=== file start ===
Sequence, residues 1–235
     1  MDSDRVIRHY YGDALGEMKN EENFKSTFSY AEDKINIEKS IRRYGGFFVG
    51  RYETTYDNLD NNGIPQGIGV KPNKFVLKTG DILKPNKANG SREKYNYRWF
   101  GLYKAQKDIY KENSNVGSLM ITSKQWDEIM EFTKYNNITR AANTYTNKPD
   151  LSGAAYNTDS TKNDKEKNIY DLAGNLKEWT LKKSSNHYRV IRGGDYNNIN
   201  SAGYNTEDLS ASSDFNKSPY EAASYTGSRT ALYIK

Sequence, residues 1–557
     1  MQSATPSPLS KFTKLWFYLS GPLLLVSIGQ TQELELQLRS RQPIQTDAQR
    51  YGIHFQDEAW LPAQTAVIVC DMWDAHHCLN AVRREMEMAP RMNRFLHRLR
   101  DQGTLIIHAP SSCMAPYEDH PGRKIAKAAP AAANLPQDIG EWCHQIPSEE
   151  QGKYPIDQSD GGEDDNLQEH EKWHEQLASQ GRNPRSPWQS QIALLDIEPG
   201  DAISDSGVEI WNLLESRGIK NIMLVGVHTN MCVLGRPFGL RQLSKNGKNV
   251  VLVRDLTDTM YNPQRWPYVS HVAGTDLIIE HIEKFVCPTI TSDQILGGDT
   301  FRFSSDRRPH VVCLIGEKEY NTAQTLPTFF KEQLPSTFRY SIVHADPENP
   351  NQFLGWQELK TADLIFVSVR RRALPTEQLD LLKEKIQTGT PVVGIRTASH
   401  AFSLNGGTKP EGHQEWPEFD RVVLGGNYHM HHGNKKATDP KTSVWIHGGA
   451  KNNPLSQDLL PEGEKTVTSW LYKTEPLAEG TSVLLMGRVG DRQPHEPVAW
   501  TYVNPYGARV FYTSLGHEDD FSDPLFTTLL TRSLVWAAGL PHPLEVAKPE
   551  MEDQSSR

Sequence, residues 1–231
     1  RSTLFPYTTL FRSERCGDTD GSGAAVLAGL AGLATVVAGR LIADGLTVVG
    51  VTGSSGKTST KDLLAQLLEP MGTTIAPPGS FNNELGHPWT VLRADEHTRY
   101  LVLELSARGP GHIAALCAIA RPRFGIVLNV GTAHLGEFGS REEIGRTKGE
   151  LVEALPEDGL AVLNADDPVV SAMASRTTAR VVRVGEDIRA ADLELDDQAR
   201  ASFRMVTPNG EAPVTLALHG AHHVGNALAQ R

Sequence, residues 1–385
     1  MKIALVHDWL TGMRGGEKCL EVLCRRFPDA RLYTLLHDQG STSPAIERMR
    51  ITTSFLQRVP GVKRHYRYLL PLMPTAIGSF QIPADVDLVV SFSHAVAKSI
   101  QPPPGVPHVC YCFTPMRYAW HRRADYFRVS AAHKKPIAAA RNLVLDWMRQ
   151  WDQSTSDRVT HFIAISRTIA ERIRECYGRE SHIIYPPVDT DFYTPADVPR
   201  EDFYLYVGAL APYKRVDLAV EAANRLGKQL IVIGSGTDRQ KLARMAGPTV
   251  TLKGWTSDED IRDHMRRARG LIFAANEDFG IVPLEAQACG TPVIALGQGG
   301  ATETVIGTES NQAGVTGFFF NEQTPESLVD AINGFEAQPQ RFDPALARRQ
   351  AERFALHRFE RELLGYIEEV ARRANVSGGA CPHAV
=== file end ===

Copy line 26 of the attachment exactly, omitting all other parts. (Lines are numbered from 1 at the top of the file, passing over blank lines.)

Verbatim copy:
Sequence, residues 1–385